At a United Nations Security Council meeting on Monday, India called for resuming dialogue between Israel and Palestine, hours after a fresh round of attack on Gaza by security forces of Tel Aviv ended in a ceasefire.
The emergency meeting of the UN body was convened after three days of Israeli air raids on Palestine. At least 44 Palestinians, including several civilians and 15 children, were killed in the bombings that started on Friday, Al Jazeera reported, citing Gaza’s health ministry.
Israel said it launched the pre-emptive strikes anticipating what it claimed would have been an attack by the Iran-backed Palestinian militant group Islamic Jihad. Late on Sunday, the two sides reached a truce brokered by Egypt even as the bombings had nearly ceased by then already, according to Reuters.
At the UN Security Council meeting on Monday, India said it was a matter of “grave concern” that the violence continued in Gaza despite diplomatic parleys. Permanent Representative to the United Nations Ruchira Kamboj thanked the Egyptian government in particular for its role in negotiating the ceasefire.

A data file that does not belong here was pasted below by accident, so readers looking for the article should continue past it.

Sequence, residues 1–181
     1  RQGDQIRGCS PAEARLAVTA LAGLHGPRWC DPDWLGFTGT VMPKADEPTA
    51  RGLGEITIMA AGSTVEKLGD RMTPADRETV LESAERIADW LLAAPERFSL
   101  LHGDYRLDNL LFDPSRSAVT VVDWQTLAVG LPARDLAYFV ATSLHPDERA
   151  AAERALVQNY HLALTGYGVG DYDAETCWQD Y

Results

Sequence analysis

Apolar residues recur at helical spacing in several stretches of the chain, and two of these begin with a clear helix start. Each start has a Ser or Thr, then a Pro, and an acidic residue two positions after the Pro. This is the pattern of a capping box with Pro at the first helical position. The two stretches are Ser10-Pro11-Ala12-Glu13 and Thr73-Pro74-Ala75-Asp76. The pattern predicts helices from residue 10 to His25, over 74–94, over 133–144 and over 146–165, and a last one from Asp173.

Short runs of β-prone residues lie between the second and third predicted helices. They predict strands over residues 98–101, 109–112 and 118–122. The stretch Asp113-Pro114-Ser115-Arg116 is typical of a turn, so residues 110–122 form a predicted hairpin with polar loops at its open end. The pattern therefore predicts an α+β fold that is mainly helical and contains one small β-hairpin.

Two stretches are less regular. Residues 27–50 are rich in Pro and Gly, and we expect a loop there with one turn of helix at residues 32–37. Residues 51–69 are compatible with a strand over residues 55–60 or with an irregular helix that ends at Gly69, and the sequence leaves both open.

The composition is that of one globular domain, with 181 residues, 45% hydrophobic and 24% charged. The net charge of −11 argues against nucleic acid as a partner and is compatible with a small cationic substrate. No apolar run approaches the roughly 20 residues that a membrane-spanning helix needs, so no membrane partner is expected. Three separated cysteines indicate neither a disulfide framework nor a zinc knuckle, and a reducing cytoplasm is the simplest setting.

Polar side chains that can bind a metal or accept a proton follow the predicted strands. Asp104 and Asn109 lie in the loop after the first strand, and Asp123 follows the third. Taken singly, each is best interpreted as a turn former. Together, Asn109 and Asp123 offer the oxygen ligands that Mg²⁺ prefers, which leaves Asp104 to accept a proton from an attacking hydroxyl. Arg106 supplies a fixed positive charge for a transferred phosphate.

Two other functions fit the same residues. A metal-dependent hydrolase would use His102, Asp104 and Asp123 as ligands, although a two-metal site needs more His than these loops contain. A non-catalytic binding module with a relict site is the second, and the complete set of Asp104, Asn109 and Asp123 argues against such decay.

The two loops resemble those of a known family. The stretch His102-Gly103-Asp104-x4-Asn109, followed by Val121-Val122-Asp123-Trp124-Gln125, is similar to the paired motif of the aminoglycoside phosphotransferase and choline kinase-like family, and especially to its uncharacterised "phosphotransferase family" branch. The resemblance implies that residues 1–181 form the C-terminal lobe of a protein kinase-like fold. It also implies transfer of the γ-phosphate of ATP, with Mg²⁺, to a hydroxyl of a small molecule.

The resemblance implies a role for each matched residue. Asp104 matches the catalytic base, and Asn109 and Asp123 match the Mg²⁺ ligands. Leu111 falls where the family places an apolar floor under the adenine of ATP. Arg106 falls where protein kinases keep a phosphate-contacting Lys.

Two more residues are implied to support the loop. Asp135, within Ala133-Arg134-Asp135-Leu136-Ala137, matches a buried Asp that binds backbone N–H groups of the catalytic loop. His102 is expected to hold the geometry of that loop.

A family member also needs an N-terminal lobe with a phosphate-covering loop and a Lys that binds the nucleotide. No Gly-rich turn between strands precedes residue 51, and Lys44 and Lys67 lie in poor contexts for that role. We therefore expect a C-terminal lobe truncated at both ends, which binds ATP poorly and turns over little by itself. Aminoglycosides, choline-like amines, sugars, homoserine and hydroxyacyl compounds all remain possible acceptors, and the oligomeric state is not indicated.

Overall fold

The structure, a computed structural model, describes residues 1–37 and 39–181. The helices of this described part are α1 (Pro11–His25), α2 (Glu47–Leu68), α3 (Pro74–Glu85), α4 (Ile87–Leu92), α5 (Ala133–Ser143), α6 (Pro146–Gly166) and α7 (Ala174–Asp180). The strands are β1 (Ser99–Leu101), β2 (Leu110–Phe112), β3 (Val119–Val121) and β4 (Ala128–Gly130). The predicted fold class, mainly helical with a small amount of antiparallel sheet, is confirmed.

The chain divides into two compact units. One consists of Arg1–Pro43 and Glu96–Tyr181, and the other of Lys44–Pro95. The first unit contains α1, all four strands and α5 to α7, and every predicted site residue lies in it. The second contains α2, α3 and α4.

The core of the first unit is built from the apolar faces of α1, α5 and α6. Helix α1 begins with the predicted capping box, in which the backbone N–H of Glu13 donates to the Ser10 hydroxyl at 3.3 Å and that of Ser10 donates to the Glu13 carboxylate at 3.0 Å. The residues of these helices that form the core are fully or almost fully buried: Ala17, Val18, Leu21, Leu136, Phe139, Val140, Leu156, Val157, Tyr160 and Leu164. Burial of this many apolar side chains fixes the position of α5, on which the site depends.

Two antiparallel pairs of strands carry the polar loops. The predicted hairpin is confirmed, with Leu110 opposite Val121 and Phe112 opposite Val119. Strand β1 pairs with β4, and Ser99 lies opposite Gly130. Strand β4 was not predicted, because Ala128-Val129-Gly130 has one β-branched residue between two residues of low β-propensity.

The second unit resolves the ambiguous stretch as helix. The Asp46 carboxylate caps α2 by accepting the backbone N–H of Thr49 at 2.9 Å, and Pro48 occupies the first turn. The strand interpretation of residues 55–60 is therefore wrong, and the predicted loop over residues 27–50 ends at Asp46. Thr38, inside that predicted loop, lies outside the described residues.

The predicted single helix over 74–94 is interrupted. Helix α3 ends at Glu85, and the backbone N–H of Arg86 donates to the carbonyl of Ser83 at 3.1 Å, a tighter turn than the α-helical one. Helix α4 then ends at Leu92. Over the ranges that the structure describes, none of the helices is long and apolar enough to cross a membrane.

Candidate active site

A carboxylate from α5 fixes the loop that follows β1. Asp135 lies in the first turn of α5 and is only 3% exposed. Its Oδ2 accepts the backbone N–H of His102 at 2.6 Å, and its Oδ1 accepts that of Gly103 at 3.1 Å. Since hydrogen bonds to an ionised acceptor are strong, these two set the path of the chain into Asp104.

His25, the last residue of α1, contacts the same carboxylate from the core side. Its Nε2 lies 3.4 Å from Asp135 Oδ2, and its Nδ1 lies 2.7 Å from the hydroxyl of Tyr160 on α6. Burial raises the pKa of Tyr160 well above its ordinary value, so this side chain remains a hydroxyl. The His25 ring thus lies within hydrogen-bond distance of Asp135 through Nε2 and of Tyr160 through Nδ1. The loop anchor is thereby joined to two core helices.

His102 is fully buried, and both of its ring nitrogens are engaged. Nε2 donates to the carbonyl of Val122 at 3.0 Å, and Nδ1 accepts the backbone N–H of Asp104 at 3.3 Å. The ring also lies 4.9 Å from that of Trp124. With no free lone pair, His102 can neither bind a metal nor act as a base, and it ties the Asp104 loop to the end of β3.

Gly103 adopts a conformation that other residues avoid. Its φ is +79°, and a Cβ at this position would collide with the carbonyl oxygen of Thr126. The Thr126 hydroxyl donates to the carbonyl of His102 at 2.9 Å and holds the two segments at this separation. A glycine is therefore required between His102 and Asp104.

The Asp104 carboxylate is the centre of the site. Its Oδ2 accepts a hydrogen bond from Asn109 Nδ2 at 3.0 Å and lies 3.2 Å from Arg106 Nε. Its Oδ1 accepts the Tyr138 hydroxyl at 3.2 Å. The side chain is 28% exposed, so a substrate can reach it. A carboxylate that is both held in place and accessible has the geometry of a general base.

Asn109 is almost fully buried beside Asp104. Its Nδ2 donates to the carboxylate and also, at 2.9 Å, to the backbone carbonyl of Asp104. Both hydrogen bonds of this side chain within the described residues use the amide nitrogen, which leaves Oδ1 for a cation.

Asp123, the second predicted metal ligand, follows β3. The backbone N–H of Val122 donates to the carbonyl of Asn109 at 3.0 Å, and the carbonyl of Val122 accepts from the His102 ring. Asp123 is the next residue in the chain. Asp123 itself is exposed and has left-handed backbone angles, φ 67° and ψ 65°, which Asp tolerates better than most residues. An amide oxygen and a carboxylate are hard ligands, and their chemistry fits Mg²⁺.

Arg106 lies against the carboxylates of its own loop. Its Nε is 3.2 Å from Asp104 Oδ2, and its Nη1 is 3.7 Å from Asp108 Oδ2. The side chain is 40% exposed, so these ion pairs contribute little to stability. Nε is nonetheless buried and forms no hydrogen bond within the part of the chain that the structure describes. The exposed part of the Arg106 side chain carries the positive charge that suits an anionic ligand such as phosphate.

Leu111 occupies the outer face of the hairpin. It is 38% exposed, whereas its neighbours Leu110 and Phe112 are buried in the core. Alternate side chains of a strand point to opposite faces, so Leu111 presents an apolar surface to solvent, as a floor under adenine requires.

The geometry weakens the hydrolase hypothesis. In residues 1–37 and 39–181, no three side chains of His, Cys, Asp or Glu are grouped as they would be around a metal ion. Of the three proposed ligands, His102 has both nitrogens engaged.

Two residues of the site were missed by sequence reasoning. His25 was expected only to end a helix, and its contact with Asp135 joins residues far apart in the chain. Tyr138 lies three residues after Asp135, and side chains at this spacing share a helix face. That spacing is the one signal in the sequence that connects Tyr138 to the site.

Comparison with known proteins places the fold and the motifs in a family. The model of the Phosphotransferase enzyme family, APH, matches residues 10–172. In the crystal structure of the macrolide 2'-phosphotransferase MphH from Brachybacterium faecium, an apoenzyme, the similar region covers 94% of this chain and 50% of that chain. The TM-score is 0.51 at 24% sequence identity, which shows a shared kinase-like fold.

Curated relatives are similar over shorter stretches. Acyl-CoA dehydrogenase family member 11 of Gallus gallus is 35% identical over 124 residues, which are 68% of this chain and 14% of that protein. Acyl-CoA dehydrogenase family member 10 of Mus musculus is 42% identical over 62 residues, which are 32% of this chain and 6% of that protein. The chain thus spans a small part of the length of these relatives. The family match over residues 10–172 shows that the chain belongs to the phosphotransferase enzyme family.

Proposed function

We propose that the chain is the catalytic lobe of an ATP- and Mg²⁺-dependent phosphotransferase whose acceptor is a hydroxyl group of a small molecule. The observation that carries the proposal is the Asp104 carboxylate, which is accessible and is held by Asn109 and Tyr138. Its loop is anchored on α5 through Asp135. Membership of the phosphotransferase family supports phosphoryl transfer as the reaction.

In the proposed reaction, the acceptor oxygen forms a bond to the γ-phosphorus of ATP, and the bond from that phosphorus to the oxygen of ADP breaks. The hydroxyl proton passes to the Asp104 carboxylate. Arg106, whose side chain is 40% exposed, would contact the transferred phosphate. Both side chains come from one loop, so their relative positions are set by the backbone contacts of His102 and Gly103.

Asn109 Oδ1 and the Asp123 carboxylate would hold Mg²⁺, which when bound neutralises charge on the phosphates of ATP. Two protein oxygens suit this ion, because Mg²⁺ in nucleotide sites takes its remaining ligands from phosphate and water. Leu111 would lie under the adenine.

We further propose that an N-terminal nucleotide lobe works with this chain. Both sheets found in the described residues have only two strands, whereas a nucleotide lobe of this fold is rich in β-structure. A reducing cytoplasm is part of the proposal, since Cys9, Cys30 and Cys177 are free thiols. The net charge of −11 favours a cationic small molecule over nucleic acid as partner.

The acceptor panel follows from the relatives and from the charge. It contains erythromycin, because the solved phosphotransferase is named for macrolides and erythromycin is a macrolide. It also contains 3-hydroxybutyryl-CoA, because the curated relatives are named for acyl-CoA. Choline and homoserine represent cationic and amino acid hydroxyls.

The Indian diplomat advocated in favour of a “two-state solution”, which she said was the only way to ensure long-term peace.
Kamboj stressed that the United Nations and all member countries of the global body should work towards “...establishment of a sovereign, independent and viable state of Palestine living within secure and recognised borders, side by side, at peace with Israel, taking into consideration the legitimate security needs of Israel.”
The “two-state solution” refers to resolving the Israel-Palestine conflict by establishing an independent Palestine. Most governments and global bodies, like the United Nations, have recognised the “two-state solution” as their target to achieve in order to resolve the conflict.
However, the theory involves complications such as lack of consensus on the prospective borders of Israel and Palestine under the “two-state solution”, and the conflict over both sides claiming Jerusalem as their capital.